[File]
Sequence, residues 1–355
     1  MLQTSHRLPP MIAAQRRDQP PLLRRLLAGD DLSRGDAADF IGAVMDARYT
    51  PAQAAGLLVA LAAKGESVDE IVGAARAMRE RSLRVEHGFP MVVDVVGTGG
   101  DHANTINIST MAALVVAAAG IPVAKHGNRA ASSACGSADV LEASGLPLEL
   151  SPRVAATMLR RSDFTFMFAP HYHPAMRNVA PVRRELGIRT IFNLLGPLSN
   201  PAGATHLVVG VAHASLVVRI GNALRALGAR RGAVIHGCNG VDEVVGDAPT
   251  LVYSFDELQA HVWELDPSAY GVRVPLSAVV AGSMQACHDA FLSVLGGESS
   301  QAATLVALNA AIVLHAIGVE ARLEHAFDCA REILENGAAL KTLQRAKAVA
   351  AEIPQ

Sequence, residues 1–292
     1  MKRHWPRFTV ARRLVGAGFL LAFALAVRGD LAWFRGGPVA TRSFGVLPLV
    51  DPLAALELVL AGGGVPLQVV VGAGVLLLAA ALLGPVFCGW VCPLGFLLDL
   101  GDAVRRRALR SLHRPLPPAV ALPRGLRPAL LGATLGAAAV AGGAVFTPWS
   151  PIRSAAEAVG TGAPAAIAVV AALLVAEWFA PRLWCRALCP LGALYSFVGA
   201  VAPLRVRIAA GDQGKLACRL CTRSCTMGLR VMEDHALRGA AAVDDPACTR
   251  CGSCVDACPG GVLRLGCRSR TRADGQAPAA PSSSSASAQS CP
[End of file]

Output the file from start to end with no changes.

Sequence, residues 1–355
     1  MLQTSHRLPP MIAAQRRDQP PLLRRLLAGD DLSRGDAADF IGAVMDARYT
    51  PAQAAGLLVA LAAKGESVDE IVGAARAMRE RSLRVEHGFP MVVDVVGTGG
   101  DHANTINIST MAALVVAAAG IPVAKHGNRA ASSACGSADV LEASGLPLEL
   151  SPRVAATMLR RSDFTFMFAP HYHPAMRNVA PVRRELGIRT IFNLLGPLSN
   201  PAGATHLVVG VAHASLVVRI GNALRALGAR RGAVIHGCNG VDEVVGDAPT
   251  LVYSFDELQA HVWELDPSAY GVRVPLSAVV AGSMQACHDA FLSVLGGESS
   301  QAATLVALNA AIVLHAIGVE ARLEHAFDCA REILENGAAL KTLQRAKAVA
   351  AEIPQ

Sequence, residues 1–292
     1  MKRHWPRFTV ARRLVGAGFL LAFALAVRGD LAWFRGGPVA TRSFGVLPLV
    51  DPLAALELVL AGGGVPLQVV VGAGVLLLAA ALLGPVFCGW VCPLGFLLDL
   101  GDAVRRRALR SLHRPLPPAV ALPRGLRPAL LGATLGAAAV AGGAVFTPWS
   151  PIRSAAEAVG TGAPAAIAVV AALLVAEWFA PRLWCRALCP LGALYSFVGA
   201  VAPLRVRIAA GDQGKLACRL CTRSCTMGLR VMEDHALRGA AAVDDPACTR
   251  CGSCVDACPG GVLRLGCRSR TRADGQAPAA PSSSSASAQS CP